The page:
uglyamericanThe Ugly American
by William J. Lederer (Lederer)

This classic novel about international relations, published in 1958, merited my recent rereading. My 50-cent paperback copy had been on my bookshelf for years. The copy I picked off a library shelf is a hardback with jacket intact. Though the setting of the novel is in Southeast Asia, the modern day reader can readily apply its message to more current settings and situations. The late fifties synopsis on the jacket describes the book as being urgent and fascinating. Oddly enough, that still rings true. Review quotes were excerpted from such publications as the New York Times: Excellent—blunt, forceful, completely persuasive. (Today’s reader will have some perspective on that.) Or the Chicago Sunday Tribune: If this angry novel results in a little sense being applied to the choice of State Department officers abroad, it will have accomplished the authors’ intent, and a good thing that would be. And finally, the Boston Herald: Very readable and hard hitting . . . should be required reading both in Washington and among our people. This reviewer agrees in 2007. Certainly anyone aged sixteen or older, who is interested in how we got where we are today in world relations, should have a go at this. Even more certainly, anyone interested in seeing the patterns of history repeating themselves should have either a first look or a more seasoned second look!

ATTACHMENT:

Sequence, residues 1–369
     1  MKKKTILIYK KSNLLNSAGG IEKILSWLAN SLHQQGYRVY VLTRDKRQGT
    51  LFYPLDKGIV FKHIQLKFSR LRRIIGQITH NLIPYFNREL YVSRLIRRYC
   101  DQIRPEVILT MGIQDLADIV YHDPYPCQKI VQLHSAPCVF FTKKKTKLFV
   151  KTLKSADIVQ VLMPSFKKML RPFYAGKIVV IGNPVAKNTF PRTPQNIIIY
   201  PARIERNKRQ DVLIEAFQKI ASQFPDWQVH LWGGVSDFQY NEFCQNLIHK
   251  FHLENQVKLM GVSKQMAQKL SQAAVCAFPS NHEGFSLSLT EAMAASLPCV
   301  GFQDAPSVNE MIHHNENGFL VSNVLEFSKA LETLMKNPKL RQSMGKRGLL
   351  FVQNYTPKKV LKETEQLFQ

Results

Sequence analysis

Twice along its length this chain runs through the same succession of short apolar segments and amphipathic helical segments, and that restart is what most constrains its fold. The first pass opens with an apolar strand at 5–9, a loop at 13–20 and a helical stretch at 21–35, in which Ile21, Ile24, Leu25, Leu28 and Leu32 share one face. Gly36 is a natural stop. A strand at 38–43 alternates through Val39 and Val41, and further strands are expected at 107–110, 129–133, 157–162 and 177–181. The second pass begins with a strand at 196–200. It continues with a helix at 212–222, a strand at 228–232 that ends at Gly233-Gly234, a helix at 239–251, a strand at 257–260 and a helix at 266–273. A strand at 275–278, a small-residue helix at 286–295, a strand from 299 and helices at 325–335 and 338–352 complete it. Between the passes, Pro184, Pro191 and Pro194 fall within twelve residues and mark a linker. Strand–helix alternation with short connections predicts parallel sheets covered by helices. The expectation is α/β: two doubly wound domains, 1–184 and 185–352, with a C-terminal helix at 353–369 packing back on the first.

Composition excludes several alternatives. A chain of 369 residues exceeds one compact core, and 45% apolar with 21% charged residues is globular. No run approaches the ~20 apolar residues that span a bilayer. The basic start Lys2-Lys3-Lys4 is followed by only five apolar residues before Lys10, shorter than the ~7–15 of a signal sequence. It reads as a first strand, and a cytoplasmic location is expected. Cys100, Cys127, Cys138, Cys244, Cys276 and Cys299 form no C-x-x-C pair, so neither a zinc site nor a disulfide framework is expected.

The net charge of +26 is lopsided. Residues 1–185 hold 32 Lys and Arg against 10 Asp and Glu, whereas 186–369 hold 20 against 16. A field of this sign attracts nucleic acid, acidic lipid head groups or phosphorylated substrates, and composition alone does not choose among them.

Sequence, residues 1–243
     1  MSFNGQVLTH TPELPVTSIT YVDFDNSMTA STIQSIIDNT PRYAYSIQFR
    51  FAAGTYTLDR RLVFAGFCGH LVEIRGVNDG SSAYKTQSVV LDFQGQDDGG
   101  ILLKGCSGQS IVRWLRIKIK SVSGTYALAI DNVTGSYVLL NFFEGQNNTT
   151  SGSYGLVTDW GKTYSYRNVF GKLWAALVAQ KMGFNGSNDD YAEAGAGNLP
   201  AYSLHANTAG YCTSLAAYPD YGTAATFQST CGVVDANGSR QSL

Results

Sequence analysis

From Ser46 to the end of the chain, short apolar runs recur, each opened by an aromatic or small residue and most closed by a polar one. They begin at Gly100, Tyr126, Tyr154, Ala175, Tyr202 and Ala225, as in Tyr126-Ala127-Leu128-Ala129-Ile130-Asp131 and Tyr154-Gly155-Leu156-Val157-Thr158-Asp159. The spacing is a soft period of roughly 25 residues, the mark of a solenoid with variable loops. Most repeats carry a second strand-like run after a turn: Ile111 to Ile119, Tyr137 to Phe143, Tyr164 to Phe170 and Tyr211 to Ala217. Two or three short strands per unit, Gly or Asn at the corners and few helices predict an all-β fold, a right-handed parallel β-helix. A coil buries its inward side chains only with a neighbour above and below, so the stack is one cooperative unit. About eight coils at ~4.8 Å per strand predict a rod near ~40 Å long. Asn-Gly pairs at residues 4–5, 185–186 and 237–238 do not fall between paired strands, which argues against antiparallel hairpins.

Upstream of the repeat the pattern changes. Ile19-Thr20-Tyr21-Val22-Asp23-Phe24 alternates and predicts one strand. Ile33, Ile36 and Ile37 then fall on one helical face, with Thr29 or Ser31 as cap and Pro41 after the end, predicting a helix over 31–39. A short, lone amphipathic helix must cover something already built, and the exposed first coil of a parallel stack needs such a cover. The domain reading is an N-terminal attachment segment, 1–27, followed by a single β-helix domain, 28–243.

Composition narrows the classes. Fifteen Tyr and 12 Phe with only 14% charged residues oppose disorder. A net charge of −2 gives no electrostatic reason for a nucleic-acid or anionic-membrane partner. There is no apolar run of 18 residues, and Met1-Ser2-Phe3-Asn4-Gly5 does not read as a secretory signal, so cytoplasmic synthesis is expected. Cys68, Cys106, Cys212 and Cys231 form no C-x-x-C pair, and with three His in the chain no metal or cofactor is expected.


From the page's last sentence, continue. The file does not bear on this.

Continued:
( Ugly American Study Guide at ) | ( Wikipedia page for The Ugly American book )


Recommended by Kay V.
Youth Services Dept. — Bennett Martin Public Library

formatmagazineLOCUS07-02LOCUS: The Magazine of the Science Fiction & Fantasy Field
by Charles N. Brown (publisher and editor-in-chief) (no longer in libraries’ collection)

The ultimate monthly guidebook to what’s happening in the world of science fiction, fantasy and horror publishing, both in the U.S. and around the world. Each issue features one or two major, in-depth interviews with luminaries of the science fiction literary world, news reports about the genre publishing industry (including who’s made what sales recently), coverage of all the major genre awards, and obituary listings for the science fiction and fantasy field. There is a quarterly Forthcoming Publication schedule for all genre publishers, usually going at least 6 months into the future. There are detailed convention reports from all the major SF/F/H literary conventions (WorldCon, NASFIC, World Fantasy Con, DragonCon, The International Conference of the Fantastic in the Arts and many others. Each issue contains dozens of new reviews, of both books and short genre fiction (in print and on web sites). Best of all, the February issue each year is a “Year in Review” for the previous calendar year, which includes the annual Locus Recommended Reading List (based on a variety of critics’ opinions) — an excellent tool to locate what the “best” novels, short stories, collections and genre-related non-fiction titles were in the past 12 months. This is the “bible” for SF fans — anyone who’s a serious reader of science fiction literature should be reading this cover-to-cover every month! Similarly, the Locus Online web site should be bookmarked by serious SF fans looking for excellent online sources for genre news and links!